BERKELEY — Leo Baeck Institute’s traveling panel exhibition, Shared History Project: 1700 Years of Jewish Life in German-Speaking Lands, will be on display at The Magnes Collection of Jewish Art and Life during the month of September with a reception on Monday, September 19th from 5-7 pm.
Marking the 1700th anniversary of the earliest document that mentions a Jewish community north of the Alps, the Shared History Project uses high-resolution reproductions of 58 artifacts from over 50 different archives and museums to explore the history and multiple aspects of Jewish life on German-speaking lands over the centuries.
“This exhibition underlines the complexity of Jewish life and how deeply it is interwoven in the history of German-speaking lands. Creating this opportunity for exchange and education is a powerful tool when it comes to fighting antisemitism and distortion of history. We are honored and grateful to have the prestigious Magnes Collection as a partner in this endeavor!” states the German Consulate General San Francisco, supporters of the Shared History Project.
From Constantine’s edict to Moses Mendelssohn’s glasses to a pendant found in the ruins of the Sobibór death camp to the Jewish Museum Berlin, objects are presented and discussed in historical essays and personal stories written by more than 60 scholars, archivists, and museum experts.
“Telling the story of German Jewry through the prism of 58 artifacts, The Leo Baeck Institute’s traveling display, 1700 Years of Jewish Life in German-Speaking Lands provides a remarkably vivid and absorbing overview of the history of Central Europe’s German Jews,” states Magnes and Center for Jewish Studies Faculty Director, John Efron. “It ably conveys the antiquity, the perseverance, the successes, and ultimately, the tragedy of these complex and highly creative Jewish communities.”
Monday, September 19th, The Magnes, UC Berkeley’s Center for Jewish Studies, the German Consulate General San Francisco, and the Consulate General of Israel to the Pacific Northwest will host a reception and program featuring Koret Professor of Jewish History at UC Berkeley, John Efron, German Consul General Oliver Schramm, and Israeli Consul General Marco Sermoneta.
The Magnes Collection is located at 2121 Allston Way in Berkeley, CA and the galleries will be open to the public this fall on Tuesdays, Wednesdays, and Thursdays from 11 am to 4 pm. Shared History Project will be on display from September 6 to September 29, 2022. Admission is free.
For more information, please visit magnes.berkeley.edu.
Select high-resolution images from Shared History Project: 1700 Years of Jewish Life in German-speaking Lands are available for editorial use by the media, with captions and photo sources.
About The Magnes Collection of Jewish Art and Life, UC Berkeley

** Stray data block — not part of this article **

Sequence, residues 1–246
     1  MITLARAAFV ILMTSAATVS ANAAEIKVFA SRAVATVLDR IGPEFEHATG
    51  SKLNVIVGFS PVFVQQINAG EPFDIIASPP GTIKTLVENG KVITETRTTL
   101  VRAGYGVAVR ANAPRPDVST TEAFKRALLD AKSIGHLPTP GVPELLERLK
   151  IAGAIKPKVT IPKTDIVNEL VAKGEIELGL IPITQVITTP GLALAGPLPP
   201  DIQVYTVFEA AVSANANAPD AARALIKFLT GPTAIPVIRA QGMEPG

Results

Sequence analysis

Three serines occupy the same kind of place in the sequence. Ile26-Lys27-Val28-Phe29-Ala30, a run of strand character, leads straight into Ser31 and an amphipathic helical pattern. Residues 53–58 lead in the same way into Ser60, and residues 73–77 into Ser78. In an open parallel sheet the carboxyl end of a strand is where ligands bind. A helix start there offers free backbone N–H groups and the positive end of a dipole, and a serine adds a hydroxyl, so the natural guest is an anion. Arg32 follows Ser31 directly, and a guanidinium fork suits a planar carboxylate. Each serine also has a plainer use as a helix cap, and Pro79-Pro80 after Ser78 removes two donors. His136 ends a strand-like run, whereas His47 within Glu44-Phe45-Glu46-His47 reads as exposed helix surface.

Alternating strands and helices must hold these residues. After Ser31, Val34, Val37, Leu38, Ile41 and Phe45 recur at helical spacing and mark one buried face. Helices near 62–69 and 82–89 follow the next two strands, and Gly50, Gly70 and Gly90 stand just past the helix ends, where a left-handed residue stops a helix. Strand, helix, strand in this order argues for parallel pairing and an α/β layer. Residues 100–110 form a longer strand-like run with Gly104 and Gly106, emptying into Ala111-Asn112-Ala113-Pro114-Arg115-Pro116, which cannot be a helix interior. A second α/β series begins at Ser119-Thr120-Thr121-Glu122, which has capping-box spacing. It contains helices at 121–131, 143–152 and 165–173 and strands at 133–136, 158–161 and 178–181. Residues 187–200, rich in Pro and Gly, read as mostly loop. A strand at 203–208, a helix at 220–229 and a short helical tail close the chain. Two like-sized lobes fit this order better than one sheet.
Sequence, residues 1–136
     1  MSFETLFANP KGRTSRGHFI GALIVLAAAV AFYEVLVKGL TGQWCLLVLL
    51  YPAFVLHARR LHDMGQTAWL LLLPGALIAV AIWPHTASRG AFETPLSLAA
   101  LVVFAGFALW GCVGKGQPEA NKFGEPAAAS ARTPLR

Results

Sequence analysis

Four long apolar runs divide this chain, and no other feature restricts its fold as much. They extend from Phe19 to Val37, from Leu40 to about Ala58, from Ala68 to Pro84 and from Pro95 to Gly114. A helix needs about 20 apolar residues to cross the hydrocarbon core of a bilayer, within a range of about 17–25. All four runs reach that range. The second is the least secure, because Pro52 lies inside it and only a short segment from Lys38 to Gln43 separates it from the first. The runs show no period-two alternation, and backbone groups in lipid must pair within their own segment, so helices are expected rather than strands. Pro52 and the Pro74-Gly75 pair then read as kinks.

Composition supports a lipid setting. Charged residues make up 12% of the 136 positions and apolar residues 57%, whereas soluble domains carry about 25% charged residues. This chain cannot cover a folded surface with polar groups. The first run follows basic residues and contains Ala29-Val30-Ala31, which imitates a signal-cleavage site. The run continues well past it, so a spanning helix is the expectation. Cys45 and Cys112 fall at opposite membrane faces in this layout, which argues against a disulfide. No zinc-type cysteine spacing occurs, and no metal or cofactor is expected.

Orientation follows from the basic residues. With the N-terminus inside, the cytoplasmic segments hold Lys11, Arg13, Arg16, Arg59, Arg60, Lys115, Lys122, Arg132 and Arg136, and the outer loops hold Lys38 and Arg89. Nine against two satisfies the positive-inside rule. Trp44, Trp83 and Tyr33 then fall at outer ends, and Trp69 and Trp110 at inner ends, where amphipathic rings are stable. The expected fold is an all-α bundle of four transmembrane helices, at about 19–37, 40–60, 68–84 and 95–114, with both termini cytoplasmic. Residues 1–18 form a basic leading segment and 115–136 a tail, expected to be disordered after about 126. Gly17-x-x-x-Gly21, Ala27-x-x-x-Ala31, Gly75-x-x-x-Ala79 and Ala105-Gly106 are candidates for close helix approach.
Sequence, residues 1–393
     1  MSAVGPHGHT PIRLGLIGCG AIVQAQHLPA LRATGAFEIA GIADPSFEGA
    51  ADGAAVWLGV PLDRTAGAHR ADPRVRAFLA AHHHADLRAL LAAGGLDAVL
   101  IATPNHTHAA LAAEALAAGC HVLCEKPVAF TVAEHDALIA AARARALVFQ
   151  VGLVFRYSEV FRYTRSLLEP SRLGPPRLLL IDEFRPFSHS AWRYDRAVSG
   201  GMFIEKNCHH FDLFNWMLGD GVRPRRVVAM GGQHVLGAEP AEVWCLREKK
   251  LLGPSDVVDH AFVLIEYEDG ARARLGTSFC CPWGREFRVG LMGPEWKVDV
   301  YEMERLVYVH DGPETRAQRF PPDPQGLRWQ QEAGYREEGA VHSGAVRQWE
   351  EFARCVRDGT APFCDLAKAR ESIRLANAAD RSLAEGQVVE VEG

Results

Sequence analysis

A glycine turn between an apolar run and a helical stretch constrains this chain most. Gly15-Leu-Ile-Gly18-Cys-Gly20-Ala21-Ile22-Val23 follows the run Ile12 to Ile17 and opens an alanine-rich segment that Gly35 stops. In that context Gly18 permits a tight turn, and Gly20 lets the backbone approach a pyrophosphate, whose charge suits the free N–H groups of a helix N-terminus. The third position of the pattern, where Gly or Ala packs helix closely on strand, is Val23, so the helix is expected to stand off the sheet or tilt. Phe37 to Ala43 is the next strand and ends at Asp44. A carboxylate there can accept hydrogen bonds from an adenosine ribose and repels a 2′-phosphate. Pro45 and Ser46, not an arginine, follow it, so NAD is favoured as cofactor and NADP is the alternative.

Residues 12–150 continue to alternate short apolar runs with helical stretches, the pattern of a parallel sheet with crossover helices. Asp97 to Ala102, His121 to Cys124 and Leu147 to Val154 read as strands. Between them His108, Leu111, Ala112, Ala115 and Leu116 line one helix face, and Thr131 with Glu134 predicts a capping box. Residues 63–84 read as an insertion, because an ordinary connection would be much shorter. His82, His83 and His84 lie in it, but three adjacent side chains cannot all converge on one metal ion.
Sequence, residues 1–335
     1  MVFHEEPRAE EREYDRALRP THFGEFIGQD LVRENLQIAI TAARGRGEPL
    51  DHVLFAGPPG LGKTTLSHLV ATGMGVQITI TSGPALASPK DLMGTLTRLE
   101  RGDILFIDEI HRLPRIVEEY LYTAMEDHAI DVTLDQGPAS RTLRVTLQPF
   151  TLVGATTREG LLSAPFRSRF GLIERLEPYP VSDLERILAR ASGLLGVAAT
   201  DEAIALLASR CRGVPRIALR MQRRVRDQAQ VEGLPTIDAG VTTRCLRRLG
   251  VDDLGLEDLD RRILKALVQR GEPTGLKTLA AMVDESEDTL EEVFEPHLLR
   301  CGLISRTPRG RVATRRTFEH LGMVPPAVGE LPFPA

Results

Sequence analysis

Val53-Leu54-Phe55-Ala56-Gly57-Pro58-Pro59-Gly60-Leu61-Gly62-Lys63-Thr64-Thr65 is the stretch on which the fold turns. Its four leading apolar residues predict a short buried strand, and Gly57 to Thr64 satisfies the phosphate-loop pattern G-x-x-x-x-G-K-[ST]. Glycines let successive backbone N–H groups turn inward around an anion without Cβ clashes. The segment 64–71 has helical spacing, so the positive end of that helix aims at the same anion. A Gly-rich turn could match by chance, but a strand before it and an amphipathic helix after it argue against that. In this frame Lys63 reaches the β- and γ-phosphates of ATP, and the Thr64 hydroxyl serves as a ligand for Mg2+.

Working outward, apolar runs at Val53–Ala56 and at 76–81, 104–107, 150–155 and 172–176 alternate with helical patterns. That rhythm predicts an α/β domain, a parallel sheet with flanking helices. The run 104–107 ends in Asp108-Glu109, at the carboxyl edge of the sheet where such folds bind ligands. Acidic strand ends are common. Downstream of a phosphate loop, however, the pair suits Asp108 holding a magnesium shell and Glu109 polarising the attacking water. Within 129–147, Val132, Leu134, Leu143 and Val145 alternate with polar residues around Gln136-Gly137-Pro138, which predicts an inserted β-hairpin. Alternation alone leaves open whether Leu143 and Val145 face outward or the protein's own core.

The Magnes Collection of Jewish Art and Life was established in 2010 following the transfer of the Judah L. Magnes Museum to the University of California, Berkeley. Its remarkably diverse archive, library and museum holdings include art, objects, texts, music and historical documents about the Jews in the global diaspora and the American West. As one of the world’s preeminent Jewish collections in a university setting, it provides highly innovative and accessible resources to both researchers and the general public.
Laura Bratt, The Magnes Collection of Jewish Art and Life
About Berkeley’s Center for Jewish Studies
The Center for Jewish Studies is a diverse and interdisciplinary University of California, Berkeley unit whose mission is to gather faculty, students, and visiting academics for research and debate across the wide scholarly landscape of Jewish Studies. The Center is committed to educating students and the larger community about the richness, depth, and diversity of Jewish history and culture.
Jennifer Lipscomb, UC Berkeley Center for Jewish Studies
About The Leo Baeck Institute – New York | Berlin
The Leo Baeck Institute – New York | Berlin is a research library and archive focused on the history of German-speaking Jews.
Its extensive library, archival, and art collections comprise one of the most significant repositories of primary source material and scholarship on the centuries of Jewish life in Central Europe before the Holocaust. LBI is committed to preserving and expanding access to this rich body of material, and it has digitized millions of pages of documents, books, and artworks from its collections—from rare Renaissance-era books to the personal correspondence of luminaries and ordinary people alike. LBI also promotes the study and understanding of German-Jewish history through its public programs, exhibitions, and support for scholars.